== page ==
I Have a board or two here that you have to do that with and although it's different, doesn't mean it's bad.
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post #35 of 41
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Originally Posted by listen to remix View Post
That's what she said!
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post #36 of 41
Intel saw you guys when you overclocked the i7 920 to 4GHz and they said no more, they buying a lower priced i7 and pushing it this high. Next time we will get them. Haha and now they charging more for the k series chips. You want to overclock pay extra
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post #37 of 41
People need to stop being OC snobs. Things becoming easier for everyone is a good thing. I do think it is a shame that they locked all the clocks together on SB but they did it for good reasons. I think it sucks that intel charge a premium for the unlocked chips but thats their right.

If your that annoyed that everyone is reaching the same clocks as you because it isn't hard then maybe you should look at yourself.

As long as there are people that want to increase the performance of their computer equipment that have a healthy disregard for the rated specifications then overclocking will never die.
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post #38 of 41
Quote:
Originally Posted by Kryton View Post
In a way that's similar to the older CB radios with their crystals to receive and transmit on a certain channel. Switching crystals with the selector knob or simply swapping them out was how you changed channels with those setups.

Moving jumpers around for different MHz speeds isn't the same thing but the concept is similar to that in you have to move things around to change things.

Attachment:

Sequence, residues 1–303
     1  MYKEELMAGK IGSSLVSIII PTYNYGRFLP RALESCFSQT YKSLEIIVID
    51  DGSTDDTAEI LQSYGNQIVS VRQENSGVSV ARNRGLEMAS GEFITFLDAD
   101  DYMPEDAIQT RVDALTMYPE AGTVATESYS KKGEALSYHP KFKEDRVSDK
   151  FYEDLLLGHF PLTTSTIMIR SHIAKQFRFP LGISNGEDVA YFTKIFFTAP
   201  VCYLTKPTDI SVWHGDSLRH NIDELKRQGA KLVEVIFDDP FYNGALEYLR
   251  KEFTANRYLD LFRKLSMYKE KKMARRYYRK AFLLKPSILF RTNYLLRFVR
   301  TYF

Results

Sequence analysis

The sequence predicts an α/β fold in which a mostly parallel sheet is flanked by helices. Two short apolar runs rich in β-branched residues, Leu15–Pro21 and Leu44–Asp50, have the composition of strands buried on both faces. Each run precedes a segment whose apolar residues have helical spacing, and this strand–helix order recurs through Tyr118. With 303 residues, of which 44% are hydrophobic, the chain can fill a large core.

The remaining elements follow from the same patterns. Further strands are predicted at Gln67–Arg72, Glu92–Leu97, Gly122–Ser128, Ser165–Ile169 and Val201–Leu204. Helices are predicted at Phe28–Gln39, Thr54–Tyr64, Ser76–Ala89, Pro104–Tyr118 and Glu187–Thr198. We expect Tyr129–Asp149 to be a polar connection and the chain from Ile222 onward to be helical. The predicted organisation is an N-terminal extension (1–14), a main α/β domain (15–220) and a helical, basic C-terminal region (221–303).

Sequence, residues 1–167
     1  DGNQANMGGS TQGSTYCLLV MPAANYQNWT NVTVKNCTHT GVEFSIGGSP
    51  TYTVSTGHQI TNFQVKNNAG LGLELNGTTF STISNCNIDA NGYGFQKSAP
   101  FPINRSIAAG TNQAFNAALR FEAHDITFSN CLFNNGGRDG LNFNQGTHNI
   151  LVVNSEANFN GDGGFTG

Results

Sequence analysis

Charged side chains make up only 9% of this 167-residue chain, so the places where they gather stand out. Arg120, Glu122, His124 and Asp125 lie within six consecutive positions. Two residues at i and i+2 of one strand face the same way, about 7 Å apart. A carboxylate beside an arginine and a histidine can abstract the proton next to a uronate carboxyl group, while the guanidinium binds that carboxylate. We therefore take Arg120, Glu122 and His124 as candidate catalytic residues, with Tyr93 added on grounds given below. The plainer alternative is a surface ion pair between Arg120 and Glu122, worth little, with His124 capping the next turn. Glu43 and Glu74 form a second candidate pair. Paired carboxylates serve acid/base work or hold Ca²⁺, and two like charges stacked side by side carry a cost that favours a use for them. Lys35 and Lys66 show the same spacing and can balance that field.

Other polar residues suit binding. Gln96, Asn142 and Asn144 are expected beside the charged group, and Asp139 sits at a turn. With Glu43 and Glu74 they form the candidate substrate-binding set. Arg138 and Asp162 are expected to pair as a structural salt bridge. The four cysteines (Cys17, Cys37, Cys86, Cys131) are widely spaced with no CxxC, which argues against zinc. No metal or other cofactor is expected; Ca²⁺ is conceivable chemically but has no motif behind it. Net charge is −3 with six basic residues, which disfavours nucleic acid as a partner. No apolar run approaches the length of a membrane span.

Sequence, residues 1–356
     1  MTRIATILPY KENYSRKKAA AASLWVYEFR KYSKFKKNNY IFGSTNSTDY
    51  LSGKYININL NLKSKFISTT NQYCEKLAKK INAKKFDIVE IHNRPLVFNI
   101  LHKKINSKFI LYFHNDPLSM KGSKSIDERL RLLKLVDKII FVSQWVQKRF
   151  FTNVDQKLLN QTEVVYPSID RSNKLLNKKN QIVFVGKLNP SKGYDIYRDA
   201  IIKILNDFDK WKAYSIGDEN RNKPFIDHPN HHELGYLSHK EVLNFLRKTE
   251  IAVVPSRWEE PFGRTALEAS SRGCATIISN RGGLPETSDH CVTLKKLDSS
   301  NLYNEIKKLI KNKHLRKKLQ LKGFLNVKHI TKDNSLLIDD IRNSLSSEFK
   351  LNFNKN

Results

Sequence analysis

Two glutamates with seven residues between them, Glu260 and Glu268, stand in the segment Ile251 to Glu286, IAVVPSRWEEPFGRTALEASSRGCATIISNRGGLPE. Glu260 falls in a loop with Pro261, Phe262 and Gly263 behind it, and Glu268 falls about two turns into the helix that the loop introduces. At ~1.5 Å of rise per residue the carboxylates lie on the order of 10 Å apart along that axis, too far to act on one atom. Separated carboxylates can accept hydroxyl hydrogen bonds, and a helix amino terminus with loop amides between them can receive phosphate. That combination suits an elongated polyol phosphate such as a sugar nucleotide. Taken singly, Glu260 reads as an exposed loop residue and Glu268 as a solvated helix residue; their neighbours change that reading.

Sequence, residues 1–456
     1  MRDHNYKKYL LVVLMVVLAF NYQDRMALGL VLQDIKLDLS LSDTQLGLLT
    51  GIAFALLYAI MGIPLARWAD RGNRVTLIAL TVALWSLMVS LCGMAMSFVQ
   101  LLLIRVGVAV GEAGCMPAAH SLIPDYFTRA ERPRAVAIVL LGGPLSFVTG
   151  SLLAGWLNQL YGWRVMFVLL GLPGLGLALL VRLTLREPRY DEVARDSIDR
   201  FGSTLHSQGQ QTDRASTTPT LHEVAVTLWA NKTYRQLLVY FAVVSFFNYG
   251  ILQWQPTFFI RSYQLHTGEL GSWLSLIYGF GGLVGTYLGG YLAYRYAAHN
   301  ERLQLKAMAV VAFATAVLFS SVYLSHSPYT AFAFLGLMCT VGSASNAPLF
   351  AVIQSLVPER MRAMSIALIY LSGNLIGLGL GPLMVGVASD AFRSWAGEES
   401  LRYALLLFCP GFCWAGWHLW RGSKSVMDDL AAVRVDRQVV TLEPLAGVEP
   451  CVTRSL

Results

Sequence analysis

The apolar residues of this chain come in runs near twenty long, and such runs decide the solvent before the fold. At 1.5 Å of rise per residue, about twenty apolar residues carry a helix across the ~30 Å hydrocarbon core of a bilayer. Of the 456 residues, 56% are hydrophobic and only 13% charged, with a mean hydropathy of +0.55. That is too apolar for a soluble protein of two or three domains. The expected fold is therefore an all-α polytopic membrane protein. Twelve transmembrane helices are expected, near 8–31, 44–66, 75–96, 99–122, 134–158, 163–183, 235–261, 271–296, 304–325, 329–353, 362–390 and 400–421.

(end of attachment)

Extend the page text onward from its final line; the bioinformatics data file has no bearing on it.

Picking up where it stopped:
I Have a board or two here that you have to do that with and although it's different, doesn't mean it's bad.
Well what I mean is like, back in the day it actually required some knowledge of how computers worked. Both the hardware and the software. Now it's like...overclocking for dummies. Sure there are some rules that you have to follow (Shader Clock >= 2x Core Clock, for example), but there's not much thinking involved - it's just trying a bunch of settings until you find the combo that works best. More knowledge just means that you get there faster.

Is it necessarily bad? No. But it's certainly not the same. But if overclocking is what you did on an 8086/88, then it certainly isn't fair to still call it the same thing with Sandy Bridge.
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post #39 of 41
Quote:
Originally Posted by grillinman View Post
You could always buy an AMD chip...
why would anyone in their right mind wana do that?
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post #40 of 41
Quote:
Originally Posted by Manyak View Post
Well what I mean is like, back in the day it actually required some knowledge of how computers worked. Both the hardware and the software. Now it's like...overclocking for dummies. Sure there are some rules that you have to follow (Shader Clock >= 2x Core Clock, for example), but there's not much thinking involved - it's just trying a bunch of settings until you find the combo that works best. More knowledge just means that you get there faster.

Is it necessarily bad? No. But it's certainly not the same. But if overclocking is what you did on an 8086/88, then it certainly isn't fair to still call it the same thing with Sandy Bridge.
and how do you think people get this knowledge by trying different things and testing and getting lucky, than they past down what they new to the next person. im sure that the SB 4.5 is just base of OC in the near future u will see people pass the 4.5 the 5.0 ETC.

In the long run you will see super clocked SB and how will they find the ways to do it you may ask? by trying random things till they get it to work.!

True Knowledge if gained by trial and error !